An interesting observation on how Funaki works this type of matches (which he’s relied on quite a lot structurally) is that it’s really not that different from his usualy pro-style-patiently, calm and collected, but ready to explode at any time. It’s laid out pretty simply-some classic title match dick measuring in the beginning wherein Funaki asserts his dominance by shoving Akiyama onto the ropes by pushing his forearm onto Akiyama’s face, their hands are tangled up in what looks like a one-handed precursor for a test of strength and as they’re about to enter it Funaki ducks, looking to avoid it but eats a big knee (which was an incredible set-up for a spot where you’ll usually see someone attempts a double leg they never do out of character on the basis of the spot just being so cool looking it’ll work) and the sprint finally starts, as we get a battle of knees and Exploders and kicks and flash submissions. and right when Funaki starts working over Akiyama’s leg and you get flashbacks to the 20-30 minute where legwork was a major focus Akiyama gets desperate and makes the mistake of entering a strike exchange with Funaki where he suffers the same fate Funaki did at the hands of Bas Rutten. ***1/2


In Topic: Kiyoshi Tamura vs. Dokonjonosuke Mishima (U-STYLE, 4/6/03)

19 January 2018 - 06:43 PM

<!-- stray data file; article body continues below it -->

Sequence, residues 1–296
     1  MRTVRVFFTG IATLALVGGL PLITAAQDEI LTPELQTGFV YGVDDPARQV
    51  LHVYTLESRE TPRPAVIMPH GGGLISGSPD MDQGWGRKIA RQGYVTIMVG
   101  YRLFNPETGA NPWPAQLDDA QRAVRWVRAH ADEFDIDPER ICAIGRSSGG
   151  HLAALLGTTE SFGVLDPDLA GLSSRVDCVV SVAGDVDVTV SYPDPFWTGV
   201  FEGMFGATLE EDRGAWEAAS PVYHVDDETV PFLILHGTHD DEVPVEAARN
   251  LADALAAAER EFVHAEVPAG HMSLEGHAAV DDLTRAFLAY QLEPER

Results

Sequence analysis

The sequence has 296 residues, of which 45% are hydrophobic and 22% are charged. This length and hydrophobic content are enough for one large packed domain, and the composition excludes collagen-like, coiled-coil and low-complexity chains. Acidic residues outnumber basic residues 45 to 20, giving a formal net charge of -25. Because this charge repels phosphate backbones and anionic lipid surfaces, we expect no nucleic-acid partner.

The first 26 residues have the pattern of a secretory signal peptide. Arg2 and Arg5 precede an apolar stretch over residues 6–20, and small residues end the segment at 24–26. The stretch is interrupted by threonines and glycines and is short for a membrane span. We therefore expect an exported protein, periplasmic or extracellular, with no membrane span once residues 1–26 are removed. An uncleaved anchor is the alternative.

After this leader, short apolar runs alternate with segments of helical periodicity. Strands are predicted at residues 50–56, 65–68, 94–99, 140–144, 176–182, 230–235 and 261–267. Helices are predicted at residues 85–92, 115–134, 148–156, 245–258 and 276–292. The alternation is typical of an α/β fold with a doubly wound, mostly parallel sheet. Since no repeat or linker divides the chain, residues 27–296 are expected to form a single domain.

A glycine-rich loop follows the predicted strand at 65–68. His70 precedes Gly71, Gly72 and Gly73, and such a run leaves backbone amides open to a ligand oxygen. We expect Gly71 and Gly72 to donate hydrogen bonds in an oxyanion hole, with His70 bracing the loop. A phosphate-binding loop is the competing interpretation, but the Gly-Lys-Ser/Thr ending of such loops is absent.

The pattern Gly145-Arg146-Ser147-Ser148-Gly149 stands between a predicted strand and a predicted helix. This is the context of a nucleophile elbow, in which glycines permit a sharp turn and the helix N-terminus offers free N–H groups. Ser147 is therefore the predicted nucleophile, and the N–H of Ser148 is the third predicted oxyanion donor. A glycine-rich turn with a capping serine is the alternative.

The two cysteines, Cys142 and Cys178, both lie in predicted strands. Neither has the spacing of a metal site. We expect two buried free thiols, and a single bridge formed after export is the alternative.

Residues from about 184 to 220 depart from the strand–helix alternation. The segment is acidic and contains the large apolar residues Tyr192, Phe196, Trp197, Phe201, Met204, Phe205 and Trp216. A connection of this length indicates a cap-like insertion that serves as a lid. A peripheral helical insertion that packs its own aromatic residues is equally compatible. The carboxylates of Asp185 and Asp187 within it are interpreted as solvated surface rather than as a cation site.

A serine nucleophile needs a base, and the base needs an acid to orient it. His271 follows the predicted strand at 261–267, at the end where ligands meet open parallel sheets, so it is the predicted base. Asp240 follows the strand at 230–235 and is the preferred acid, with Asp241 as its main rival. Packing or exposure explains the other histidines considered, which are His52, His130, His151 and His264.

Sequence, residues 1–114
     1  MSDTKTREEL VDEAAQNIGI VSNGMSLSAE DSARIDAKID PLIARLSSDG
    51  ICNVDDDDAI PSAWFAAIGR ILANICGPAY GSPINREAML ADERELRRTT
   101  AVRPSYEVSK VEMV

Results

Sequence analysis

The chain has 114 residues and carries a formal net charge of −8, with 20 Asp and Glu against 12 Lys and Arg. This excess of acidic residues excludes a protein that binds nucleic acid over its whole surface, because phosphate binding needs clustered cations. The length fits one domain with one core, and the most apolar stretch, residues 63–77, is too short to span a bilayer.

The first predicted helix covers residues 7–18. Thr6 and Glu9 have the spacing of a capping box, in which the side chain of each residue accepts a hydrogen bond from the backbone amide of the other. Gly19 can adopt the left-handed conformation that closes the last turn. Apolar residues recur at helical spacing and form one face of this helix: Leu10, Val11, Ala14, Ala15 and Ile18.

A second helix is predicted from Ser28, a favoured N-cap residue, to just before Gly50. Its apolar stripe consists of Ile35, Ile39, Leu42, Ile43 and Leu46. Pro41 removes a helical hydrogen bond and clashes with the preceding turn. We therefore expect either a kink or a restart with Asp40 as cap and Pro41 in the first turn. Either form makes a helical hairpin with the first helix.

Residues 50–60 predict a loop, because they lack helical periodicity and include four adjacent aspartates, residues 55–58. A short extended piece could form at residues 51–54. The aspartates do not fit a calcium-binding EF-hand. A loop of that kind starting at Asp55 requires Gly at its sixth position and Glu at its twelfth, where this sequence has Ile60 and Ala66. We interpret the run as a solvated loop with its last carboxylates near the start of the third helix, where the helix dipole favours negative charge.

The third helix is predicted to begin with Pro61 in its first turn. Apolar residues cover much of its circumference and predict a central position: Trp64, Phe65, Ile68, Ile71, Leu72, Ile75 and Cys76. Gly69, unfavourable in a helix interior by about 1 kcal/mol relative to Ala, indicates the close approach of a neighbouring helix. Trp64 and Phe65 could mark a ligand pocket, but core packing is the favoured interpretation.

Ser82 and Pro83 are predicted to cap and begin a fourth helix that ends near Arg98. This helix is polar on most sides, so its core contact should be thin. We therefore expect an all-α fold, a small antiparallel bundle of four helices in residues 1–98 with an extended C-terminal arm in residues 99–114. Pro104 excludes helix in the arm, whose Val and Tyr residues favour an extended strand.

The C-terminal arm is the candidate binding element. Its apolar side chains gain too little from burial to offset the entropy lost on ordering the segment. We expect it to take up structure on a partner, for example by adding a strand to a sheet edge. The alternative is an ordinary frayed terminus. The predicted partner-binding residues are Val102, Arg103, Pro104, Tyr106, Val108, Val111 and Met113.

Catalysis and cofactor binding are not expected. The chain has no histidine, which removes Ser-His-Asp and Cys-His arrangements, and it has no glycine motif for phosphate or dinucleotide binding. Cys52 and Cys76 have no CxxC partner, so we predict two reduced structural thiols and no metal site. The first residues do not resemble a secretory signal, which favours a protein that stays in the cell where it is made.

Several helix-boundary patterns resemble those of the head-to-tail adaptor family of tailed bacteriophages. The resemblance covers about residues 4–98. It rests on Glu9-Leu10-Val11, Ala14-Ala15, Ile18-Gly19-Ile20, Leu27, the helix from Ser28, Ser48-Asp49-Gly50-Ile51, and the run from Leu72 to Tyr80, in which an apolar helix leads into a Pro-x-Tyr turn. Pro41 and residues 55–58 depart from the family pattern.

It seems like a clear goal for any reviewer to find overarching themes, and that used to be a problem for me in shoot style, which was probably just a combination of me not knowing enough about grappling and how to write match reviews. But here we are, and albeit it didn’t resonate with me as the all time Tamura classics, I can safely categorize this as a great match. As in any Tamura match, a big theme is going to be his character-his arrogance, defiance, stubbornness or just strategy and how he positions himself versus his opponents. This is grappling heavy- the stand up does add a certain flair in that it makes feeding and entries into groundwork significantly easier as well as a true and tested way to pop the crowd, but the real action happens down under. One thing which I noted instantly is how fresh the work feels watching it in 2018-the knee on belly, reverse mount,playing bottom, a significant emphasis on guard play and positioning in general.  Mishima’s work was interesting, in that you have a guy pulling out Saenchi Kicks but also a buch of wrestling picks ups and a Huizinga Roll Toe Hold. I also enjoyed his Toe Hold attempt from side mount and the Pancrase Minoru Suzuki esque Headscissors>Armbar. Tamura’s head kick use was unusually present, and that they’d tease a single leg and an ouchi gari and then just go for a waistlock and move into something completely unrelated in an essentially throwaway sequence really makes the workrate work, because it feels natural, these guys know a bunch of cool shit, they don’t have an obligation to hit everything they know nor is aesthetically pleasing stuff just reserved for the time when they’re doing nearfalls, realistically there’s probably a bigger chance the stuff they went through before the match included Mishima feinting a slap on the ground to get Tamura to open for a leglock. And the finish is lovely because the wrestling pick up is just a move Mishima, you don’t expect it to be incredibly consequential but suddenly Tamura grabs a Guillotine and before you know it there’s a transition to the Armbar and better luck next time kid. ****1/4